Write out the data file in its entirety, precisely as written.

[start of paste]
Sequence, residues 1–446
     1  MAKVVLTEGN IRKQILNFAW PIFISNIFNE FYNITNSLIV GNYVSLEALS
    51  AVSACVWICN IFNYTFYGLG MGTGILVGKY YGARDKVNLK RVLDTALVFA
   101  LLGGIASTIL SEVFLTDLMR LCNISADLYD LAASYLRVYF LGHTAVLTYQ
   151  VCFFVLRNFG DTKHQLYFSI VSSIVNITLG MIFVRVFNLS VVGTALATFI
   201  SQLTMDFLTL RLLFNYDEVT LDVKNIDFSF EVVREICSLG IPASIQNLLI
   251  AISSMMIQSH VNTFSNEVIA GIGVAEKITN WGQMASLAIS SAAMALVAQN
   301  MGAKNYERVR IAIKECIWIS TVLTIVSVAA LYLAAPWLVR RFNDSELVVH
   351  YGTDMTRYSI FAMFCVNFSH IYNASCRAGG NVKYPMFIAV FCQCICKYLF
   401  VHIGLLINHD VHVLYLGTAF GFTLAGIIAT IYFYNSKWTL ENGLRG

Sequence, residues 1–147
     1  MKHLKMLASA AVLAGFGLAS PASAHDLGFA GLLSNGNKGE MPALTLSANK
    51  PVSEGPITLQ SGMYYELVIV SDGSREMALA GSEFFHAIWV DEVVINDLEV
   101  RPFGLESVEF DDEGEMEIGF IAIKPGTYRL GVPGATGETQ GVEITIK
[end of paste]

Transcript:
Sequence, residues 1–446
     1  MAKVVLTEGN IRKQILNFAW PIFISNIFNE FYNITNSLIV GNYVSLEALS
    51  AVSACVWICN IFNYTFYGLG MGTGILVGKY YGARDKVNLK RVLDTALVFA
   101  LLGGIASTIL SEVFLTDLMR LCNISADLYD LAASYLRVYF LGHTAVLTYQ
   151  VCFFVLRNFG DTKHQLYFSI VSSIVNITLG MIFVRVFNLS VVGTALATFI
   201  SQLTMDFLTL RLLFNYDEVT LDVKNIDFSF EVVREICSLG IPASIQNLLI
   251  AISSMMIQSH VNTFSNEVIA GIGVAEKITN WGQMASLAIS SAAMALVAQN
   301  MGAKNYERVR IAIKECIWIS TVLTIVSVAA LYLAAPWLVR RFNDSELVVH
   351  YGTDMTRYSI FAMFCVNFSH IYNASCRAGG NVKYPMFIAV FCQCICKYLF
   401  VHIGLLINHD VHVLYLGTAF GFTLAGIIAT IYFYNSKWTL ENGLRG

Sequence, residues 1–147
     1  MKHLKMLASA AVLAGFGLAS PASAHDLGFA GLLSNGNKGE MPALTLSANK
    51  PVSEGPITLQ SGMYYELVIV SDGSREMALA GSEFFHAIWV DEVVINDLEV
   101  RPFGLESVEF DDEGEMEIGF IAIKPGTYRL GVPGATGETQ GVEITIK